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moral

[mawr-uh l, mor-]
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adjective
  1. of, relating to, or concerned with the principles or rules of right conduct or the distinction between right and wrong; ethical: moral attitudes.
  2. expressing or conveying truths or counsel as to right conduct, as a speaker or a literary work.
  3. founded on the fundamental principles of right conduct rather than on legalities, enactment, or custom: moral obligations.
  4. capable of conforming to the rules of right conduct: a moral being.
  5. conforming to the rules of right conduct (opposed to immoral): a moral man.
  6. virtuous in sexual matters; chaste.
  7. of, relating to, or acting on the mind, feelings, will, or character: moral support.
  8. resting upon convincing grounds of probability; virtual: a moral certainty.
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noun
  1. the moral teaching or practical lesson contained in a fable, tale, experience, etc.
  2. the embodiment or type of something.
  3. morals, principles or habits with respect to right or wrong conduct.
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Origin of moral

1300–50; Middle English < Latin mōrālis, equivalent to mōr- (stem of mōs) usage, custom + -ālis -al1
Related formsmor·al·less, adjectivean·ti·mor·al, adjectivehy·per·mor·al, adjectivehy·per·mor·al·ly, adverbo·ver·mor·al, adjectiveo·ver·mor·al·ly, adverbpre·mor·al, adjectivepre·mor·al·ly, adverbpseu·do·mor·al, adjectivequa·si-mor·al, adjectivequa·si-mor·al·ly, adverbsu·per·mor·al, adjectivesu·per·mor·al·ly, adverbun·der·mor·al, adjective
Can be confusedmoral morale (see synonym study at the current entry)

Synonyms

See more synonyms for moral on Thesaurus.com
5. upright, honest, straightforward, open, virtuous, honorable. 11. integrity, standards, morality. Morals, ethics refer to rules and standards of conduct and practice. Morals refers to generally accepted customs of conduct and right living in a society, and to the individual's practice in relation to these: the morals of our civilization. Ethics now implies high standards of honest and honorable dealing, and of methods used, especially in the professions or in business: ethics of the medical profession.
Dictionary.com Unabridged Based on the Random House Unabridged Dictionary, © Random House, Inc. 2018

Examples from the Web for morals

Contemporary Examples

Historical Examples

  • They wanted me to be shackled: for early did they doubt my morals, as to the sex.

    Clarissa, Volume 1 (of 9)

    Samuel Richardson

  • Between righteousness and morals the difference is important.

  • Morals stand for a code of observances; righteousness for a direction of the life.

  • You might say that a standard of morals is entirely a matter of opinion.

  • With morals in this accepted American sense righteousness has little to do.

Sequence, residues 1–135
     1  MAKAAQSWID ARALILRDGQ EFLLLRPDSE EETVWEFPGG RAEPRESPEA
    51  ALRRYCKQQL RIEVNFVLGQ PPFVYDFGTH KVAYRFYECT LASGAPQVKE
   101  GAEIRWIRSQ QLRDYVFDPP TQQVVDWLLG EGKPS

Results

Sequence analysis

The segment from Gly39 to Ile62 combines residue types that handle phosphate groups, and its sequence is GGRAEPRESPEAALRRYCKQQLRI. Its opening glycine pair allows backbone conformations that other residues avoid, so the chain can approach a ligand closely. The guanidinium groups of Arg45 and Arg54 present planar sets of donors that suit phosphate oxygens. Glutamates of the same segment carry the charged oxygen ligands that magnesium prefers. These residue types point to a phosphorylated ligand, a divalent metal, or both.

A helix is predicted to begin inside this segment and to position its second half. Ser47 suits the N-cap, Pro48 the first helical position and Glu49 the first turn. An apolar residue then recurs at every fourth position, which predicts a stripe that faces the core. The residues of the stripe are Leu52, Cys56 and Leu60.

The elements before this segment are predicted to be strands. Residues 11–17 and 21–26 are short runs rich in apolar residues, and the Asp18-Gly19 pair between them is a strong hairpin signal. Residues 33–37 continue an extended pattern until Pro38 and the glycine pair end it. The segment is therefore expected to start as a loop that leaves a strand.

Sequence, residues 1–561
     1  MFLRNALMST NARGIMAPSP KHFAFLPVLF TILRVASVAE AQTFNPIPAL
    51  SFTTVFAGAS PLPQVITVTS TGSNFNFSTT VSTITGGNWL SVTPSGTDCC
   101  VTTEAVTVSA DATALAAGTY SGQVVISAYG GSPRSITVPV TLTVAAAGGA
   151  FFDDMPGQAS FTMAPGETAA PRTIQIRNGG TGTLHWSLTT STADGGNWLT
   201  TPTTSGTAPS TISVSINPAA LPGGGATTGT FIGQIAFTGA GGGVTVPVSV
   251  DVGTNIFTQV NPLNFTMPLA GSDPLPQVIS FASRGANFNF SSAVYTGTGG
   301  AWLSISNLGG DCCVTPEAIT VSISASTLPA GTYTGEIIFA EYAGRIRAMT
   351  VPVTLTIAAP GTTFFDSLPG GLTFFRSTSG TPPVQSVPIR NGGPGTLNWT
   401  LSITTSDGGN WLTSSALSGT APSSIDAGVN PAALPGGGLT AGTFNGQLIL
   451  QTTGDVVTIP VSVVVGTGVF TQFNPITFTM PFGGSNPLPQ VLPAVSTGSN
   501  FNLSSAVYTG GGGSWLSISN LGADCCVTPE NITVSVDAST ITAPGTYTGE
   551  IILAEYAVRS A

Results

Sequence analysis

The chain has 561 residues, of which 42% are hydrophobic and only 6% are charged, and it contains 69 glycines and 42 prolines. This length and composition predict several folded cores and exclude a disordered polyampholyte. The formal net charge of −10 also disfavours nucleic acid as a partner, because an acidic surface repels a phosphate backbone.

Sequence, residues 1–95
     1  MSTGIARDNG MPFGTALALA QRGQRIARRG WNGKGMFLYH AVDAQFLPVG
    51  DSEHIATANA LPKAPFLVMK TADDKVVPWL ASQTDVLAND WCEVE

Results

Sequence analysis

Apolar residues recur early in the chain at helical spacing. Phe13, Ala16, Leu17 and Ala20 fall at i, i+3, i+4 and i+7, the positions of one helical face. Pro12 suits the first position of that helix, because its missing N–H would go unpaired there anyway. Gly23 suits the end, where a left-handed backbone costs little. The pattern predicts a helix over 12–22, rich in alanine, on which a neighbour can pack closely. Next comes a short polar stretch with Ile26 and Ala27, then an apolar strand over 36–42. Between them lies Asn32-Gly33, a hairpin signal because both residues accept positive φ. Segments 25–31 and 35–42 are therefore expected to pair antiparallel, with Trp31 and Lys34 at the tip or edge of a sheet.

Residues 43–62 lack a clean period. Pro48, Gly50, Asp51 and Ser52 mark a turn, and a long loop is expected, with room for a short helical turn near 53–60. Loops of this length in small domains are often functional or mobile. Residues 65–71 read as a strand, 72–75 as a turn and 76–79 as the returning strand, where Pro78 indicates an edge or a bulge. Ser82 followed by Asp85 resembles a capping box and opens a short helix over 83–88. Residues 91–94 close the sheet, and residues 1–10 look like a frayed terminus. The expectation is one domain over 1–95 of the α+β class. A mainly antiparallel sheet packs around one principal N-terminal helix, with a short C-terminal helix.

British Dictionary definitions for morals

moral

adjective
  1. concerned with or relating to human behaviour, esp the distinction between good and bad or right and wrong behaviourmoral sense
  2. adhering to conventionally accepted standards of conduct
  3. based on a sense of right and wrong according to consciencemoral courage; moral law
  4. having psychological rather than tangible effectsmoral support
  5. having the effects but not the appearance of (victory or defeat)a moral victory; a moral defeat
  6. having a strong probabilitya moral certainty
  7. law (of evidence, etc) based on a knowledge of the tendencies of human nature
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noun
  1. the lesson to be obtained from a fable or eventpoint the moral
  2. a concise truth; maxim
  3. (plural) principles of behaviour in accordance with standards of right and wrong
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Derived Formsmorally, adverb

Word Origin

C14: from Latin mōrālis relating to morals or customs, from mōs custom
Collins English Dictionary - Complete & Unabridged 2012 Digital Edition © William Collins Sons & Co. Ltd. 1979, 1986 © HarperCollins Publishers 1998, 2000, 2003, 2005, 2006, 2007, 2009, 2012

Word Origin and History for morals

n.

"a person's moral qualities," 1610s, plural of moral (n.).

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moral

adj.

mid-14c., "pertaining to character or temperament" (good or bad), from Old French moral (14c.) and directly from Latin moralis "proper behavior of a person in society," literally "pertaining to manners," coined by Cicero ("De Fato," II.i) to translate Greek ethikos (see ethics) from Latin mos (genitive moris) "one's disposition," in plural, "mores, customs, manners, morals," of uncertain origin. Perhaps sharing a PIE root with English mood (1).

Meaning "morally good, conforming to moral rules," is first recorded late 14c. of stories, 1630s of persons. Original value-neutral sense preserved in moral support, moral victory (with sense of "pertaining to character as opposed to physical action"). Related: Morally.

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moral

n.

"moral exposition of a story," c.1500, from moral (adj.) and from French moral and Late Latin morale.

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Online Etymology Dictionary, © 2010 Douglas Harper